Why are there so many pre-Christmas sales?
Shoppers are seeing a boom in pre-Christmas sales as retailers try to lure them back to High Street shops.
Squeezed by rising costs and online competition retailers are turning to sales and promotions to tempt back shoppers.
Greg Harwood, director at analysts Simon-Kucher said: "We've seen a spiral of promotions year after year.
"And it gets more and more intense towards the end of the financial year and they have to produce a profit."
Research group Springboard estimates that footfall, the number of shoppers passing through shop doors, will fall 4.2% over the crucial December period.
But Springboard marketing and insights director Diane Wehrle warned: "Shoppers are getting immune to discounts."
"They aren't content with 10% off. They want 20% or 30% and that's dangerous for retailers."
There have been warnings of a slump in sales from leading brands including Primark, Ted Baker and John Lewis.
Costs have been pushed up by the rise in the Living Wage, the apprenticeship levy, rising rents and logistical costs, like warehousing and shipping.
Richard Perks, retail analyst at the research group Mintel said: "There have been some retailers starting sales at the beginning of December - that is a real sign of distress."
Mr Harwood said: "Retailers are saying let's promote more and more to get people back to the High Street. It may even mean they are making a loss on some items but they are then hoping to use traditional in-store merchandising to get people to spend more once they are in the shops."
Much of the blame for the problems on the High Street has been laid at the door of the online retailers. Around 18% of all retail sales are now online, with 9% from pure online stores.
The BDO High Street Sales Tracker which follows retail sales month by month says that in-store sales in November were down 2.6% on last year while online sales were 18.2% higher on the same month a year ago - that's the best figure this year.
But many believe online hasn't just taken away sales from High Street stores, it has drastically changed the whole shopping process.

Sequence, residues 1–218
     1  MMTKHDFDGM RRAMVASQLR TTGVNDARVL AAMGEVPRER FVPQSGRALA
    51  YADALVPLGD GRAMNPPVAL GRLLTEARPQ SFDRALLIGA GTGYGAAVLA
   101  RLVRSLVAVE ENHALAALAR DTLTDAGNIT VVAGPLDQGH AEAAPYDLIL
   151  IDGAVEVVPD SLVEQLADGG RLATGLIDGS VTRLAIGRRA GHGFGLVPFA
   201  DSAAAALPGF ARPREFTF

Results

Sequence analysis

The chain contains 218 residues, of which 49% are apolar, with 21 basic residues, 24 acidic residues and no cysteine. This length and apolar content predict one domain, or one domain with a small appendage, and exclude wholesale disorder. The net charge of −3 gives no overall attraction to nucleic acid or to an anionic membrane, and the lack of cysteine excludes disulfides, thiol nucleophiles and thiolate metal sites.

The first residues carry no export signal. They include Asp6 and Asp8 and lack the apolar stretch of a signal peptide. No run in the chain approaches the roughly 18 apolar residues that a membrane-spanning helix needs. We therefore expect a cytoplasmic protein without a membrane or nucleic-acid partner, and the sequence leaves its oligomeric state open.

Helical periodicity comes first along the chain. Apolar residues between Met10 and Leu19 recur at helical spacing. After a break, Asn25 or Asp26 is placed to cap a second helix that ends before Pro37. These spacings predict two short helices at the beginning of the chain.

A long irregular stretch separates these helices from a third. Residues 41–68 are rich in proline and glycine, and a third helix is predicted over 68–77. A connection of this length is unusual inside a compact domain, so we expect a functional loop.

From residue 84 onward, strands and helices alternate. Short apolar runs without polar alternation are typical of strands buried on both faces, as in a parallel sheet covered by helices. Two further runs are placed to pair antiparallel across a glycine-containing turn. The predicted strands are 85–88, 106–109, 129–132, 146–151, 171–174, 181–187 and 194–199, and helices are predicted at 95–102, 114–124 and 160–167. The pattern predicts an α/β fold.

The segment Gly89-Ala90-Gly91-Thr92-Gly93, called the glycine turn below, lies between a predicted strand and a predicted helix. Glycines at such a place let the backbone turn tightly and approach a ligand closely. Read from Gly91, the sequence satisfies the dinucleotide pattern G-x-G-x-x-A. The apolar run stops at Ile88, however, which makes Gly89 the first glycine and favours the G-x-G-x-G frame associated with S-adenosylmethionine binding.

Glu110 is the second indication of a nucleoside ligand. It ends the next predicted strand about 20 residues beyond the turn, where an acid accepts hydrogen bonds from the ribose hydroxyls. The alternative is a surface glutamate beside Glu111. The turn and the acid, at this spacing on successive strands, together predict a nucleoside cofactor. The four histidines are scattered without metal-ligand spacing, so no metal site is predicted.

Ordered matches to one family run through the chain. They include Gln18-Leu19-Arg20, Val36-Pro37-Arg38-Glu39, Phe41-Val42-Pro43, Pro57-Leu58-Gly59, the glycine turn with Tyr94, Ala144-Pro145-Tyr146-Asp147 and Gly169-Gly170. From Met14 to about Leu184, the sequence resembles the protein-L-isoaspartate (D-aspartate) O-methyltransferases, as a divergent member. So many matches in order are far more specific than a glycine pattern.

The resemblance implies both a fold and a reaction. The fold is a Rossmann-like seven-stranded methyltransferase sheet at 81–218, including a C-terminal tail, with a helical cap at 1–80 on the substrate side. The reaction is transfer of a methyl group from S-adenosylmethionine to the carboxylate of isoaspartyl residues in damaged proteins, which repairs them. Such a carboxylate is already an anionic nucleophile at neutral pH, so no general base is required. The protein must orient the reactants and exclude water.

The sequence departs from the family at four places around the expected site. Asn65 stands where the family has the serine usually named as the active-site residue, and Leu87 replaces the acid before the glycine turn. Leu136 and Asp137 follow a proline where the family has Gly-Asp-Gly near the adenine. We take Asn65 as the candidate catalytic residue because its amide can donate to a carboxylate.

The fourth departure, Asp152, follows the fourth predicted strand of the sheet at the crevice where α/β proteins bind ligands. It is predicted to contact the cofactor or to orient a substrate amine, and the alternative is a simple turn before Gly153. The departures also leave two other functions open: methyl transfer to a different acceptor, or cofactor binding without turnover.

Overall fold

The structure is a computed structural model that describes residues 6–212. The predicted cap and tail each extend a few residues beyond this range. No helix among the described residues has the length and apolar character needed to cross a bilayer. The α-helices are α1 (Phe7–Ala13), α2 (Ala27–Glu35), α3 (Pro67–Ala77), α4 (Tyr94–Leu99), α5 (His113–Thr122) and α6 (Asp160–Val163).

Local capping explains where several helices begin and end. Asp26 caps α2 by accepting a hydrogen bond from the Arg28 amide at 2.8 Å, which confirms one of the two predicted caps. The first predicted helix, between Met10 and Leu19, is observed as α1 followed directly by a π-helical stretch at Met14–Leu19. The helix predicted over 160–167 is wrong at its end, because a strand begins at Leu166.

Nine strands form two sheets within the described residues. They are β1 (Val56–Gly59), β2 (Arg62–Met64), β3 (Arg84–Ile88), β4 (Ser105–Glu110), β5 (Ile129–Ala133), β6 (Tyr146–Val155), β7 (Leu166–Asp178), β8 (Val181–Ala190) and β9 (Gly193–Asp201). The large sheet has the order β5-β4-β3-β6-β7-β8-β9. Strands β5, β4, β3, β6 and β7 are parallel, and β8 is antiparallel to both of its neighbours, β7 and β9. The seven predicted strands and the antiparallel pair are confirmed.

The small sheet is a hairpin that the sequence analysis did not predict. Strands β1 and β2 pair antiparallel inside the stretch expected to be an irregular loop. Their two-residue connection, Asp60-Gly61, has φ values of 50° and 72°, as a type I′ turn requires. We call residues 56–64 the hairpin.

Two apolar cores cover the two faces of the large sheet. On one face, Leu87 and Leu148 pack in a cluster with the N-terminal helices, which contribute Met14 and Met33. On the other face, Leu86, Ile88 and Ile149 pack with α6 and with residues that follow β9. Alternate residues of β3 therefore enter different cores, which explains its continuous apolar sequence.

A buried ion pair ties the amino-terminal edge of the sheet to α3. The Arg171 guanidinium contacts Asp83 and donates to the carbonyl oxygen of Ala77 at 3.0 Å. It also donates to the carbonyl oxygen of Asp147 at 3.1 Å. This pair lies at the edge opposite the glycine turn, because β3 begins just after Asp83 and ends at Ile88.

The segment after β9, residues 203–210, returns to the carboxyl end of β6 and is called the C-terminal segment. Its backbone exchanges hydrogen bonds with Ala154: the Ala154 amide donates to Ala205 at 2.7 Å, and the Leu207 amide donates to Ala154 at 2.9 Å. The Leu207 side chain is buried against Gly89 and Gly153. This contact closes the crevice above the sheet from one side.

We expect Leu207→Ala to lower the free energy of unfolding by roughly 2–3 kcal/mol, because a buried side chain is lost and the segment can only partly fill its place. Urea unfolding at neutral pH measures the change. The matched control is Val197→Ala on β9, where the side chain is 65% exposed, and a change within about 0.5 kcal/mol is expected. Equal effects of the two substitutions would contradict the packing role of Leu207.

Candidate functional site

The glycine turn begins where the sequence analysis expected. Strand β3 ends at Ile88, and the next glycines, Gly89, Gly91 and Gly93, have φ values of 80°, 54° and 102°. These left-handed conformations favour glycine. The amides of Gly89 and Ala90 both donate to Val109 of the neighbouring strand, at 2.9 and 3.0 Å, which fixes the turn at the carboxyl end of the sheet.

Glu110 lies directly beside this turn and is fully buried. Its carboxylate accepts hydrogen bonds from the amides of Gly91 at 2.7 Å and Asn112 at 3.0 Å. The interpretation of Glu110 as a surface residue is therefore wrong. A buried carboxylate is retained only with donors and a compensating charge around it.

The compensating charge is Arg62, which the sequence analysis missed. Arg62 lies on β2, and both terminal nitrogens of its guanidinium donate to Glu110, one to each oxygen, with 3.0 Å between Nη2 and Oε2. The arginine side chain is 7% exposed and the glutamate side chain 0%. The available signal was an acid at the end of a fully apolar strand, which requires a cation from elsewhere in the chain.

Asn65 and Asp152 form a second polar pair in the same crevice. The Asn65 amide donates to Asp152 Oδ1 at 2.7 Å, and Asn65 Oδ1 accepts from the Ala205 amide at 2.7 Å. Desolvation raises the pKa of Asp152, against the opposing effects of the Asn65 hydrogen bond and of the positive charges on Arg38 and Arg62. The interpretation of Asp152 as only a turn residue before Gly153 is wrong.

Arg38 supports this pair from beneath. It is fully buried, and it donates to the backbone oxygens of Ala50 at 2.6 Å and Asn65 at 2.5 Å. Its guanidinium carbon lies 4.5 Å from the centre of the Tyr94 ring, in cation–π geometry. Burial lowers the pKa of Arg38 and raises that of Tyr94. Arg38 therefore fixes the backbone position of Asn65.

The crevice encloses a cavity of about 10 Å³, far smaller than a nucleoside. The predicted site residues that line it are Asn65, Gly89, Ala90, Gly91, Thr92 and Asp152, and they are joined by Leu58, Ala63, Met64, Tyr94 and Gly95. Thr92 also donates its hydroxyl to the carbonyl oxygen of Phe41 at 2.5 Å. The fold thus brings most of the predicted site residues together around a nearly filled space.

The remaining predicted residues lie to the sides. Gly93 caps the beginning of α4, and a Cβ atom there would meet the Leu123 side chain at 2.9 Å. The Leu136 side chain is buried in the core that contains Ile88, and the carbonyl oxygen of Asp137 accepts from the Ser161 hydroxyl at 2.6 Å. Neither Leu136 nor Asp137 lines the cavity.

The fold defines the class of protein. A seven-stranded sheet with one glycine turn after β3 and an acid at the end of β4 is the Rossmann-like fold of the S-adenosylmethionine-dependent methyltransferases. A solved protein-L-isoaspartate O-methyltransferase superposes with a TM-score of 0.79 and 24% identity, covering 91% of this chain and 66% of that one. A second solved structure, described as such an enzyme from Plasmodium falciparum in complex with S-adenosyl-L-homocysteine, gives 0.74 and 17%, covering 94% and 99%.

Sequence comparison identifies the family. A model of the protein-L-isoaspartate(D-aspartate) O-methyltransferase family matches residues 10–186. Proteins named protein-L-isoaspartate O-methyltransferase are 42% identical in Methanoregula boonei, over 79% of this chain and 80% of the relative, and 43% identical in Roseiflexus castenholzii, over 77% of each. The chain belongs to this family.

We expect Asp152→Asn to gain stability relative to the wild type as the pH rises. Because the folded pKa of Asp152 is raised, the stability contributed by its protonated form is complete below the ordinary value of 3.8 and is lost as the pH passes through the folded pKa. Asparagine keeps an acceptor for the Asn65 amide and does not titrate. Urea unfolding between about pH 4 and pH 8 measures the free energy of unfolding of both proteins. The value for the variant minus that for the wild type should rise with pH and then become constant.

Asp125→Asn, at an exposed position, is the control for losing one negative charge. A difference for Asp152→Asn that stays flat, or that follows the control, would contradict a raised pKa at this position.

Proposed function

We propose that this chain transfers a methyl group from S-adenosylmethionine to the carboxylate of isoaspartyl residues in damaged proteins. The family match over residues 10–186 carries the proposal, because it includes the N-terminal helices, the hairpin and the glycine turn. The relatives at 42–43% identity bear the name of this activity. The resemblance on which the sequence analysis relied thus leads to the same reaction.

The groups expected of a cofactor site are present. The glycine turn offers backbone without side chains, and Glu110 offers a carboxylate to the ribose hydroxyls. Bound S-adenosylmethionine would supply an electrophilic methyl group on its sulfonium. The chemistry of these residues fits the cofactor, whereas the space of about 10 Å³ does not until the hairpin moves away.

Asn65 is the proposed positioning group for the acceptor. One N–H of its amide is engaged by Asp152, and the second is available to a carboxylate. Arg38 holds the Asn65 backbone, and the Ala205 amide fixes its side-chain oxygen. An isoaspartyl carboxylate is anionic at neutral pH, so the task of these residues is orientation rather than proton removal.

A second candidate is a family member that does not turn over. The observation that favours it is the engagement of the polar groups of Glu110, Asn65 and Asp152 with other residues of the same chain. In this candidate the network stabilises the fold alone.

Ms Wehrle said: "What online has done is reduce the number of physical shops that people go into on one trip. In the past they might have visited eight or nine shops. Now they browse online and then go to three shops. So the retailers has to sell them more and at a higher value.
"To do that you have to have effective and enthusiastic sales people, yet with costs being cut the sales teams are being cut too, making them less effective."
But Richard Lim, the chief executive of Retail Economics says the huge amounts of data collected online has made some retailers far more sophisticated in their discounting. The sale signs you see in the shops are often on very specific lines rather than discounts across the whole store.
He said: "In Black Friday in 2015 there was a knee-jerk reaction from retailers cutting prices on everything because their competition was doing it.
"Now retailers are taking a far more strategic approach aligning themselves with their suppliers to discount or promote specific lines, especially online."
"A company like Shop Direct has around a million home pages and is tailored to reflect what you, as an individual customer, [have] bought in the past and your browsing history, your age and possibly the area you live, so it can target you with specific discounts and promotions tailored for you.
"The holy grail of every retailer now is to bridge the gap between online and the physical store, so that the moment you walk into a store customer service can greet you with a tablet and know exactly what you've been browsing through the night before online and direct you to what you are looking for. We're not there yet, but that is where retailing is going."